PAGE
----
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Children with ADHD at Higher Risk for Alcohol-Related Problems

A joint study between the Universities of Pittsburgh and California-Berkley has found that children with ADHD are more likely to develop problems with alcohol abuse and addiction. Reasons for the increased risk include a higher tendency towards impulsive behavior, school failure, and family history.
"One of the reasons that children with ADHD might be at risk for alcohol problems is that alcoholism and ADHD tend to run together in families,' said [Brooke] Molina. 'We found that parental alcoholism predicted heavy problem drinking among the teenagers, that the association was partly explained by higher rates of stress in these families, and these connections were stronger when the adolescent had ADHD in childhood."
The study found that 15-to17-year olds with ADHD reported being drunk 14 times in the previous year, while a group who was the same age but didn't have ADHD only reported being drunk 1.8 times in the previous year. Read more at About.com.

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Labels: substance_abuse, alcohol, alcoholism

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Attention Deficit Disorder in Kids Linked to Alcoholism in Teens

Children with Attention Deficit Disorder/Hyperactivity are at risk for alcoholism or drug dependence as teens and adults, according to a new study by the University of Pittsburgh. If their parents are alcoholics, the likelihood increases even more.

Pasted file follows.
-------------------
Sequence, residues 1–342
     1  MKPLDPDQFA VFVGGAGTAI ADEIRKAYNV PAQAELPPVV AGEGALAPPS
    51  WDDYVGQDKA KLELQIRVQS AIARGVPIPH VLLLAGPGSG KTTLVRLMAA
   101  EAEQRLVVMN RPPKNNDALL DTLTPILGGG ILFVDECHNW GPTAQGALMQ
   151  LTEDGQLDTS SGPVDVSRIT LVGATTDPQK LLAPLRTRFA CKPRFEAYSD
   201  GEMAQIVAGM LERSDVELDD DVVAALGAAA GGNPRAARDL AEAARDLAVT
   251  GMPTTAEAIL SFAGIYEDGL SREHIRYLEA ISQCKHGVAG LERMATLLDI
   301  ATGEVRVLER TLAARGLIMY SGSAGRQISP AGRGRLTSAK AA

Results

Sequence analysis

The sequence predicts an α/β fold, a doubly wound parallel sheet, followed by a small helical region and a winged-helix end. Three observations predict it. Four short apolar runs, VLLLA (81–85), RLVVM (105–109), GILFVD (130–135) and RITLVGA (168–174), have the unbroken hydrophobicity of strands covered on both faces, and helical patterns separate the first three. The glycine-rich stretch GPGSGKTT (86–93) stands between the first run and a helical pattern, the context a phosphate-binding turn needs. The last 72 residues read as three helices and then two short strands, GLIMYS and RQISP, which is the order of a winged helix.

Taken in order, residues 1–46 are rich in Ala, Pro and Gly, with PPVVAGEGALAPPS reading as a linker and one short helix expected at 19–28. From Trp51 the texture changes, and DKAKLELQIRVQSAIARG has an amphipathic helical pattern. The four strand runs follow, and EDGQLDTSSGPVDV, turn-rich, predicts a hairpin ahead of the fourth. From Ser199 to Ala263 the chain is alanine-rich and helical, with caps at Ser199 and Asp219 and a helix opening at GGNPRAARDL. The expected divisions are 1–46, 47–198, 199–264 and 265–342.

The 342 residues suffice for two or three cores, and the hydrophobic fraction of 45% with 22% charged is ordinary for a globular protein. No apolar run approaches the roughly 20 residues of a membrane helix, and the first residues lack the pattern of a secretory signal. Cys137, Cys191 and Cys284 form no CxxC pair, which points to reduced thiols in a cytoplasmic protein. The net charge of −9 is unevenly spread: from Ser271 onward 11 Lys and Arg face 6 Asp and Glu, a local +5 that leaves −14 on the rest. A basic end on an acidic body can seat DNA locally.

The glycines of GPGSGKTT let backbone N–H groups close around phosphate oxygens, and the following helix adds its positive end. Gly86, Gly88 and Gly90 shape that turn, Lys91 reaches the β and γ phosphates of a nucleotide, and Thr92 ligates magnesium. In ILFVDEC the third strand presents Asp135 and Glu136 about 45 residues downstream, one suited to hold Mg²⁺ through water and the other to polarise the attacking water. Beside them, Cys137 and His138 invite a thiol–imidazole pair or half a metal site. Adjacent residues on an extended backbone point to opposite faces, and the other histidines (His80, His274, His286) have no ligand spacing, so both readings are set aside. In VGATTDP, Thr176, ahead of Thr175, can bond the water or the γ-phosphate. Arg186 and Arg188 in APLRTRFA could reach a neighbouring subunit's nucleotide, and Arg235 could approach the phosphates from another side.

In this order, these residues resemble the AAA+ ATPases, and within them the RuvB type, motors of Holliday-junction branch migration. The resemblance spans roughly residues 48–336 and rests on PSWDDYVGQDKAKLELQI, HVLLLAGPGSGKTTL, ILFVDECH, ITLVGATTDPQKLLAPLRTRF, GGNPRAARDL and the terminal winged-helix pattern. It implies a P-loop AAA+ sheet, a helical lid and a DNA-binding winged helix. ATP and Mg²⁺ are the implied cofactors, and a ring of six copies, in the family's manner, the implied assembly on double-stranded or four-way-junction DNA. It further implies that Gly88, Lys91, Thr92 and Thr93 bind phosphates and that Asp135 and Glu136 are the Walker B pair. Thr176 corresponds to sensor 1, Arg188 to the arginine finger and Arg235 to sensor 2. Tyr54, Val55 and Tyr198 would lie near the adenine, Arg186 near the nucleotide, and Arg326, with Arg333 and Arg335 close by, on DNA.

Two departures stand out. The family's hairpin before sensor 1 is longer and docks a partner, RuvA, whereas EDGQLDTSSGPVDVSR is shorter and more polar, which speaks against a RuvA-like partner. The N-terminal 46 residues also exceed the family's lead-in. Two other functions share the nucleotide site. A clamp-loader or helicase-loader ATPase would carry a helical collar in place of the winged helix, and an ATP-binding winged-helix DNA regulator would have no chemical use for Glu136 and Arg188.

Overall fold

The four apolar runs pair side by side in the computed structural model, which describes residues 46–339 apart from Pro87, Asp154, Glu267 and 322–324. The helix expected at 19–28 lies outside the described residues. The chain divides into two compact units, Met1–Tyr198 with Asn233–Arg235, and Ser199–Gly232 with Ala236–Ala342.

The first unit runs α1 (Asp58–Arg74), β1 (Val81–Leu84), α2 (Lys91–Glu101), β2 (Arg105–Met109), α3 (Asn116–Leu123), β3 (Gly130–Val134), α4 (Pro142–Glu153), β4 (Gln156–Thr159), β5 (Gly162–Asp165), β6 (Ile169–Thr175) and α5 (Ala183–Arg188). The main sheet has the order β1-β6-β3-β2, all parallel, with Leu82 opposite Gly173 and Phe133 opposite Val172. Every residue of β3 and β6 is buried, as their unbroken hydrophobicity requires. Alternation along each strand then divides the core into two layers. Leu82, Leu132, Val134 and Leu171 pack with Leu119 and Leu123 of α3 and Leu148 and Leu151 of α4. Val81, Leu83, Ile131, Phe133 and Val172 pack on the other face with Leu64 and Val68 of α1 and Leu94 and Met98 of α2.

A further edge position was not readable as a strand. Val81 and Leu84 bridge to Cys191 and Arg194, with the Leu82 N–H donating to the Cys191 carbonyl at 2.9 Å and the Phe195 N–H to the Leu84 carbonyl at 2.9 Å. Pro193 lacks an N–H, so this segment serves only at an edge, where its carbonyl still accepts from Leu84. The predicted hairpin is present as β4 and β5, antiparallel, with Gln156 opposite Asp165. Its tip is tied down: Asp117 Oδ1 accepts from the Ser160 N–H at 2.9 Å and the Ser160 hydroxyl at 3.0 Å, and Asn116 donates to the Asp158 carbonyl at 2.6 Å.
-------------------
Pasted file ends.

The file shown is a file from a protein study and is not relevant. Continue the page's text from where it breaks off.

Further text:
Dr. Brooke Molina and her colleagues interviewed 142 adolescents diagnosed with childhood ADHD and 100 demographically matched others without the disorder. The team also interviewed another group of 364 children with ADHD as adolescents ages 11 to 17 years and then again as young adults ages 18 to 28.

Their two studies showed a link between ADHD and alcoholism.
"Alcoholism and ADHD tend to run together in families," Dr. Molina said. "We found that parental alcoholism predicted heavy problem drinking among teenagers, that the association was partly explained by higher rates of stress in those families, and these connections were stronger when the adolescent had ADHD in childhood."
About 14% of the 15 to 17-year-old adolescents with childhood ADHD were diagnosed with alcohol abuse or dependence compared to none of the 15 to 17-year-olds in the control group without ADHD. The ADHD group reported being drunk 14 times the previous year compared to 1.8 times in the control group.

"It is important to recognize that not all children with ADHD will have problems with alcoholism" Dr. Molina said.

This study appears in the April 2007 issue of
Alcoholism: Clinical and Experimental Research
.

Labels: genetics, alcohol, alcoholism

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